One other tip: Caching in rural areas tends to be easier as their are more places to hide larger containers which are often easier to find. Our experience with urban caches is that it takes a really clever eye to find them hidden among the crowd and since caching is supposed to be done furtively, it can be harder to look thoroughly with a great deal of people nearby.

Give geocaching a try this summer! Happy Hunting :)


StumbleUpon

Monday, June 15, 2015

Parenting 0-5: Better Behavior part 1

Alpine First 5 hosted an 8 week parenting series, using Active Parenting curriculum presented by Carol Ledesma of Choices for Children, for parents of children 0-5 years old. This is the second post in the blog series "Parenting 0-5 years" allowing us to share some of the information presented in the sessions with those unable to attend.

Session 6: Better Behavior part 1

Children need rules. Having rules shows children how to behave. 

Reasons to set rules:
  • Keep children safe
  • Protect other people
  • Help children make choices
  • Rules make parenting easier
It is important to not make too many rules that children can't remember and that the rules are reasonable. 

Simple rules
Safety (keeping your child safe as well as the safety of others related to your child's behavior)
Responsible (caring your your things and those of the family and others)
Respectful (treating others with kindness and respect)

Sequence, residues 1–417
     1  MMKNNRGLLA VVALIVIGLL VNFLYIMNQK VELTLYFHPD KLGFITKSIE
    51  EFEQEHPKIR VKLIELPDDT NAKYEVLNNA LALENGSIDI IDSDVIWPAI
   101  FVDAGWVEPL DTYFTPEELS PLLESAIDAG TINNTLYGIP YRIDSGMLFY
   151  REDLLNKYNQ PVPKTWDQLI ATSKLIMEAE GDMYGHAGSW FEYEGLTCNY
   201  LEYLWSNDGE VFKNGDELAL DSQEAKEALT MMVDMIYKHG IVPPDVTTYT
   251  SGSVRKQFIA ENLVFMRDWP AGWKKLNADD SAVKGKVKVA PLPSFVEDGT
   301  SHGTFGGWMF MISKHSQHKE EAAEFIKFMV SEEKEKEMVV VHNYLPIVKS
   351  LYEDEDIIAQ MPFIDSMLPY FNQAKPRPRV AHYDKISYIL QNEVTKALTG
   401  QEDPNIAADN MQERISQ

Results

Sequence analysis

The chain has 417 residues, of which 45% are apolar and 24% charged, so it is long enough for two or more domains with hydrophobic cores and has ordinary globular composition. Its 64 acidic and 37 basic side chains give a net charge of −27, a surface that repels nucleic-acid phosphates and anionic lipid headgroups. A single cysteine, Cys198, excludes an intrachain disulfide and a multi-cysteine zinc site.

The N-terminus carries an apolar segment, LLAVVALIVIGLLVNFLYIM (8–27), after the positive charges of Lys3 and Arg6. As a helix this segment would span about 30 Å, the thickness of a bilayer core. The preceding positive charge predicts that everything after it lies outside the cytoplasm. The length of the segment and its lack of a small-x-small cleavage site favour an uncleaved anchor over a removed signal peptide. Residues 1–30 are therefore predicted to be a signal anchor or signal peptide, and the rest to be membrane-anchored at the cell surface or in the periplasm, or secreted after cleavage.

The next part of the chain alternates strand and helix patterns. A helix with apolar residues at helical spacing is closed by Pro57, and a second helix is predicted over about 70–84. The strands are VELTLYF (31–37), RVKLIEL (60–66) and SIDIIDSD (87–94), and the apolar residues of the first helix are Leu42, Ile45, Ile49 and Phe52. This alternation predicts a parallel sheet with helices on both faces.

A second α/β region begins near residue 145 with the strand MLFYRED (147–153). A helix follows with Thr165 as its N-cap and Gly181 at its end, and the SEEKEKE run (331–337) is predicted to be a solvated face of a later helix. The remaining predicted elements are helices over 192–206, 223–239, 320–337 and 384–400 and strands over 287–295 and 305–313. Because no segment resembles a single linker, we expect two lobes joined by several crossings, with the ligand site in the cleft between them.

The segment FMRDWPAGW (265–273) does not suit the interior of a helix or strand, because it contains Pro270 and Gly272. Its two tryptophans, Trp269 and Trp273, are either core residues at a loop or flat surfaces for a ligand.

With younger children, begin with safety and work toward responsibility and respectfulness as they grow. When asking children to follow a "rule" state what you are asking them to do, rather than what you want them to stop. "Please close the door quietly." versus "Don't slam the door." Using a calm and respectful voice is important. Keep in mind that your child will need many reminders over their childhood, with less as they grow older. Encourage good behaviors by noticing and commenting when your child is being safe and following the rules. "Thank you for shutting the door quietly."

When-Then Rule
Using this technique may help your child complete an undesirable task. 
When-then allows your child something to look forward to after they complete the task. 
It is different than a bribe in how it is presented. 
"When you put on your coat when can go out and swing." rather than "We can go out and swing if you put on your coat." or "You can't go outside and swing until you put on your coat." The first approach puts the decision and safe power in the child's hands rather than resorting to begging or coercion. 
Tone of voice is especially important. It should be friendly and firm rather than antagonistic.

Stopping a behavior
When you what your child to stop a behavior start by acknowledging and accepting their feelings. Remind them of the rule and then offer another choice that might help meet the need or wish in an acceptable way. 
"I know you want to throw the ball. We throw balls outside. Would you like to go outside and play ball?"
If she continues to throw the ball inside, you may have to gently take the ball and motion toward the door making a visual choice- in contrast to grabbing the ball and putting away. If she still doesn't choose to play outside you can put the ball up with an offer to play outside when she is ready.

More techniques on guiding behavior......

Remember guidance takes time. Be patient with yourself and your child.


StumbleUpon